Colostrinin, a polypeptide isolated from early milk, facilitates learning and memory in rats.


Popik P, Bobula B, Janusz M, et al.




Pharmacol Biochem Behav.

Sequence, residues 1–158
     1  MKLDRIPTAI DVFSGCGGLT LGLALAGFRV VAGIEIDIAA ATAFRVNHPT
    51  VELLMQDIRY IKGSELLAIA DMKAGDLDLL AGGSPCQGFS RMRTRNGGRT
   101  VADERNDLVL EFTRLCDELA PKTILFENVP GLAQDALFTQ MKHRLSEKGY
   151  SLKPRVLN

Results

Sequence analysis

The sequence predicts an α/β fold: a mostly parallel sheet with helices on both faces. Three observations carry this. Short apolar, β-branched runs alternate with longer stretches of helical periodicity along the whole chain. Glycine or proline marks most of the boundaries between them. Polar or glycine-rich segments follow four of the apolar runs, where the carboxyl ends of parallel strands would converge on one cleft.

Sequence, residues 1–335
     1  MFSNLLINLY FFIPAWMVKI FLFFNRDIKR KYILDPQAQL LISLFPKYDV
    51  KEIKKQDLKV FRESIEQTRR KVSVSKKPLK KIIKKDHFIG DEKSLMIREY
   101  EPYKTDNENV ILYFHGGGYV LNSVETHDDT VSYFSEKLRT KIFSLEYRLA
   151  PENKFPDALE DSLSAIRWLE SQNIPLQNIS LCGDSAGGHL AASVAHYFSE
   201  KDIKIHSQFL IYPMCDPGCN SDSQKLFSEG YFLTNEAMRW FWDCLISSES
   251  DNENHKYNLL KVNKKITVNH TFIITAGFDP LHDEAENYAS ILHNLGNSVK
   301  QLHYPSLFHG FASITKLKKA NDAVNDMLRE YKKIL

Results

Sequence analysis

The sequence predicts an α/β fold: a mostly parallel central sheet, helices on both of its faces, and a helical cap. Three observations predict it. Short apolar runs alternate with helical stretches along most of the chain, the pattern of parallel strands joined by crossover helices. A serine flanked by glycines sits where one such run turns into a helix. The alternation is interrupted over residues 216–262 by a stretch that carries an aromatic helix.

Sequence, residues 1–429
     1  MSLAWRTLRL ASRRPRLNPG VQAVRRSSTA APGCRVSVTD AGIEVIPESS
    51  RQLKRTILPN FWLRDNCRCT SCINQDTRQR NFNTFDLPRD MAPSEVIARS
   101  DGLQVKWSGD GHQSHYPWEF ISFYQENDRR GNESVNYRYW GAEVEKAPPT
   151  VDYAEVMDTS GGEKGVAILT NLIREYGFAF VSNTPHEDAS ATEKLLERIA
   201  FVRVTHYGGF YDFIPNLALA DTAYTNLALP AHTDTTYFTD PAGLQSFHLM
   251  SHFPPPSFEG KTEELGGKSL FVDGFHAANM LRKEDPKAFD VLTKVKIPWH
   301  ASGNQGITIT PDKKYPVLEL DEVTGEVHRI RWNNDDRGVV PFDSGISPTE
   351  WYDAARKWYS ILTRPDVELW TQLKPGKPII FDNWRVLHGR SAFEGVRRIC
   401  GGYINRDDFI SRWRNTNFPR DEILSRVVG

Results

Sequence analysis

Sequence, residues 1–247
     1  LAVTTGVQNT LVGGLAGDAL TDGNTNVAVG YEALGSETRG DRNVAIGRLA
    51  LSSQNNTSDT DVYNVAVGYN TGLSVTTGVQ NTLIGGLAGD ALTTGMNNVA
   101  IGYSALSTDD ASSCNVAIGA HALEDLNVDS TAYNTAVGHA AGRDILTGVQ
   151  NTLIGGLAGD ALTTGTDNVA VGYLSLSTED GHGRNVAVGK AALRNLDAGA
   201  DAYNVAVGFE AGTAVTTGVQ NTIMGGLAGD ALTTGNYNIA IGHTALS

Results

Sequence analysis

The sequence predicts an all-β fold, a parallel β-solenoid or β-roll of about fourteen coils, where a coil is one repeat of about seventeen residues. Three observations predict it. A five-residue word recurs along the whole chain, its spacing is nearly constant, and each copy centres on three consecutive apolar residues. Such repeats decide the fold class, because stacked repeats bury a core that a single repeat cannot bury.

Initial observations in humans indicated that colostrinin, a complex of polypeptides derived from the colostrum of sheep, facilitates cognitive functioning in patients with Alzheimer's disease. Its effect on learning and memory in more controlled settings as well as the specificity of these effects were, however, unknown. The present experiments evaluated the effects of colostrinin on spatial learning (Morris water maze) and incidental memory (habituation test) in male Wistar rats of two age groups. Colostrinin, at a dose of 4 microg/rat IP, facilitated acquisition of spatial learning of 13- (aged) but not 3-month-old (young) rats. At the same dose, it improved incidental learning in aged rats, while the dose of 20 microg/rat attenuated it. Colostrinin did not change locomotor activity of rats. Taken together, the present findings indicate that colostrinin may have some beneficial effects on cognitive functioning, particularly in aged subjects. Given the fact that colostrum is the first nutritive agent of neonates, it might be speculated that its peptides may facilitate the early postnatal development of the cerebral neurons and their plasticity.